Review Scene : Jonestown, Guinea Pigs, MICF 8th April, 2015 – Portland Hotel, Melbourne


544_cropped_730x4122.1417586721Ventriloquist/comedian Sarah Jones and magician/comedian Nick Johnson are Jonestown.

Jones kicks off the sketch with stand up, priming the throng and is later joined by Johnson.  Soon they are Guinea Pigs, clad in matching grey marle t-shirts and pants in a hermetically sealed room, being subjected to a series of  psychological experiments by a disembodied robot voice, blaring through speakers flanking the stage.

Their Moosehead award winning show is an extremely clever concept and Jones and Johnson share a natural rapport. Both are comfortable on stage and put the audience at ease, in the quaint room at the Portland Hotel. Audience members are targeted as the butt of jokes, and are called up to participate in sketches which provides an extra dimension to the show. Flashbacks are nicely executed, and whilst no animals are harmed during the show, the same can’t be said for the marshmallows or the shadow puppet.

Despite a couple of punters laughing loudly and continuously, the series of sketches did not seem that funny. A chuckle rather than a belly laugh was all that this scribe could muster and the biggest laugh was for  an audience member’s witty lines made up on the spot. Too madcap for theatre and not funny enough for comedy, Jonestown seemed to fall somewhere in between on this Wednesday night and the weak ending didn’t reach the intensity of earlier sketches.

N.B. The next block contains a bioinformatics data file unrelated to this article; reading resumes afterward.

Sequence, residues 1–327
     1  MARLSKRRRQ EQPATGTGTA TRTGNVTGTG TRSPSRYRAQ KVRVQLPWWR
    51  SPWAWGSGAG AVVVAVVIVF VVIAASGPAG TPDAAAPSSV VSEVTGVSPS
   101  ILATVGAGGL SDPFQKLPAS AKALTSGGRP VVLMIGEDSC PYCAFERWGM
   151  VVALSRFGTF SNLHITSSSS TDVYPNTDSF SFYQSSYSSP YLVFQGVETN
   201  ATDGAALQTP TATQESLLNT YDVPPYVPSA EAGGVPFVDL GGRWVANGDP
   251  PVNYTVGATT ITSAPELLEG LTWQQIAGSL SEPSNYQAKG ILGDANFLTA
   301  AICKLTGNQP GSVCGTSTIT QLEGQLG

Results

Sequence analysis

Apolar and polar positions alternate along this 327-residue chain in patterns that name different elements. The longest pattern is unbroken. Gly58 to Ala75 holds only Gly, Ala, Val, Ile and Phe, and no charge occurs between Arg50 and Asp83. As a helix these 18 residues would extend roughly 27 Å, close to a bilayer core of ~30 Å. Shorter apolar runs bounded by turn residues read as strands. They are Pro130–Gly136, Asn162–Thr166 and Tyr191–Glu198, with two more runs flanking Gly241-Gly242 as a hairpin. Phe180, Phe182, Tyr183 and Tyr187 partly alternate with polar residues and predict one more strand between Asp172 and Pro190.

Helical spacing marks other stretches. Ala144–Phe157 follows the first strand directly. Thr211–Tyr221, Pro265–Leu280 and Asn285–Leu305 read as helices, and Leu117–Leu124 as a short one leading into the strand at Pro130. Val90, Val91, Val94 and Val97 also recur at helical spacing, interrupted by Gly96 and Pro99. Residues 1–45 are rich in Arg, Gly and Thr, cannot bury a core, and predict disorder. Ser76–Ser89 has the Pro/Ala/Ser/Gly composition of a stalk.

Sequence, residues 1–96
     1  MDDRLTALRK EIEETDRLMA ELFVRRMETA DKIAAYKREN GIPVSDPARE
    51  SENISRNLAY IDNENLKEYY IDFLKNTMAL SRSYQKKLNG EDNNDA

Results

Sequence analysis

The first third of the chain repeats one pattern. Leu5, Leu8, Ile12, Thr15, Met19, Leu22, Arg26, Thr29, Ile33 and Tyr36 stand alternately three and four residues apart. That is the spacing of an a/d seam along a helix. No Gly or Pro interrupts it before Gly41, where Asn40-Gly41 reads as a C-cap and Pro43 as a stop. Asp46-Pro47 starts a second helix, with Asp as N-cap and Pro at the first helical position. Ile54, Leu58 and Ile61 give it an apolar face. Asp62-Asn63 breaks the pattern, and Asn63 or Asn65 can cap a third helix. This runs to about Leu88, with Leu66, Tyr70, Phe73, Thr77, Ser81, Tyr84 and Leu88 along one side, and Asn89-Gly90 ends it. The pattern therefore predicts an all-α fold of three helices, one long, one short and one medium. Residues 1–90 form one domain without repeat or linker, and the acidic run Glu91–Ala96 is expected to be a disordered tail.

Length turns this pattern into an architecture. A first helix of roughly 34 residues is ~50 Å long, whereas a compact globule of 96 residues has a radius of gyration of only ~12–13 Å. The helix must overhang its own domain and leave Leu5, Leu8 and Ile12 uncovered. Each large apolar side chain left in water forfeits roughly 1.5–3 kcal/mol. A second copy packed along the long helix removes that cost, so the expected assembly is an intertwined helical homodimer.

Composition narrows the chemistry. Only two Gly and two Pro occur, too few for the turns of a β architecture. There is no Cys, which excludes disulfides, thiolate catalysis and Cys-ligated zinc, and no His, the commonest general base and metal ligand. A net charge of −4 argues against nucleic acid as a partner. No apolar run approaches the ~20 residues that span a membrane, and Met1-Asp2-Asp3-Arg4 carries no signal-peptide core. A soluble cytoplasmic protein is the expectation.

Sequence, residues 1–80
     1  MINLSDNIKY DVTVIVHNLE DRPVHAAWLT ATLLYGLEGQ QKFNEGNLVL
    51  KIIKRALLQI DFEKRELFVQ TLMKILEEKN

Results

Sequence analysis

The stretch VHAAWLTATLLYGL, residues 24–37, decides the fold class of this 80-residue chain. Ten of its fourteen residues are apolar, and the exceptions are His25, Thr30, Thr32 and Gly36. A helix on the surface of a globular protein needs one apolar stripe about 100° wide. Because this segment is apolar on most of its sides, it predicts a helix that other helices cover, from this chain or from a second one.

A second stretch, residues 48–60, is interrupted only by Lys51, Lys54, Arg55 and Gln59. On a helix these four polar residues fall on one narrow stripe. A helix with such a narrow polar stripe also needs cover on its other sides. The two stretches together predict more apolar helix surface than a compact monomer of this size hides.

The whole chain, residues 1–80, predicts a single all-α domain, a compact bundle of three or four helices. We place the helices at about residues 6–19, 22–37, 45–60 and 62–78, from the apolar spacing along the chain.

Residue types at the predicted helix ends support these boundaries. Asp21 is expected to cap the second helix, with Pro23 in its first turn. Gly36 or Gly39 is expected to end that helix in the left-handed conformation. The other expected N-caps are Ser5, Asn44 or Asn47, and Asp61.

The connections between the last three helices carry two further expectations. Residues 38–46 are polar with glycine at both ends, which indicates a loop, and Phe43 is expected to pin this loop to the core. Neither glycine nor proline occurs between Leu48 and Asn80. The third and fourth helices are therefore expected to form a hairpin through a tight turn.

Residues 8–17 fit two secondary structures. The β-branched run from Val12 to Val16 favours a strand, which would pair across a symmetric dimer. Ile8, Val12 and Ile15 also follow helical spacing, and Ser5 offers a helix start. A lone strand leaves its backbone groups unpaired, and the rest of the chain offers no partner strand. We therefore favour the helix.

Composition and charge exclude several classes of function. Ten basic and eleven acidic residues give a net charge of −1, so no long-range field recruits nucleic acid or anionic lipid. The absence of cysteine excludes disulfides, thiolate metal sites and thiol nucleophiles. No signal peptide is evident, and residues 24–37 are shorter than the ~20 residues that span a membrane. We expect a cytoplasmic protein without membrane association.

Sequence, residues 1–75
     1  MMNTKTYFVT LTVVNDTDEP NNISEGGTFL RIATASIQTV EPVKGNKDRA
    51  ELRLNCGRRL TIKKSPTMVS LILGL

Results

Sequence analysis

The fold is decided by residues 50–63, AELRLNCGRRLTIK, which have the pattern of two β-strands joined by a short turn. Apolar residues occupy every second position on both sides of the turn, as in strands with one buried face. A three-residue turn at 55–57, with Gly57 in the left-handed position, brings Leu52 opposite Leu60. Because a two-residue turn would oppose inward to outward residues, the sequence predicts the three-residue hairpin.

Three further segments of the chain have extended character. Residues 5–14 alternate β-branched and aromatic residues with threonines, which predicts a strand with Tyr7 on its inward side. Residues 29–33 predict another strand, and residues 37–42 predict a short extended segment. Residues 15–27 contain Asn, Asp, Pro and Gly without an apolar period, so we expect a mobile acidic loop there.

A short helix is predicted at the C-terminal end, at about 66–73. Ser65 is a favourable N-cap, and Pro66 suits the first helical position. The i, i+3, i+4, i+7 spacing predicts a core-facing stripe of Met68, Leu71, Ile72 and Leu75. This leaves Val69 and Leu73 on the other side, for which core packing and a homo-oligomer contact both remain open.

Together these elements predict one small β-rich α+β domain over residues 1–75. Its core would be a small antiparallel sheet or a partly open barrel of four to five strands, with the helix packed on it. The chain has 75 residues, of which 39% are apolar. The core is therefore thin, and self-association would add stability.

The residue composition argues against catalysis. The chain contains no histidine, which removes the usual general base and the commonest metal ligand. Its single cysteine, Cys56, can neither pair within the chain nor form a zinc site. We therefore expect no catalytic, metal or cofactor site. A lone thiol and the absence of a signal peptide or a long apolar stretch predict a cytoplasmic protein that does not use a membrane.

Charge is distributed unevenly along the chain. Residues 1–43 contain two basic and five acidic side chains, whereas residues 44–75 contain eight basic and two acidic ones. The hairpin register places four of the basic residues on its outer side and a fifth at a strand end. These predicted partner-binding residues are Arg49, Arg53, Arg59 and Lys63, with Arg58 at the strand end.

Jonestown is an intelligent concept, Sarah Jones and Nick Johnson are instantly likeable,  but failed to incite fully fledged laughter.


Portland Hotel, Cnr Russell & Lt Collins Sts, Melbourne

Tue-Sat 7.15pm, Sun 6.15pm (60 mins)

Ticketmaster 1300 660 013 & at the door

Full Fri & Sat $25, Full Wed-Thu & Sun $23

Conc & Group (8+) $20 (N/A Fri & Sat)

Laugh Pack & TT $20



About Anna-Maria Megalogenis 162 Articles
Anna-Maria has been writing for Street Press in Melbourne and Sydney for over 20 years. She is passionate about food, music and the arts, is an avid reader and used to hand write reviews for Beat Magazine at the Great Britain Hotel, where a patron once suggested she was ripping off articles in Rolling Stone magazine.

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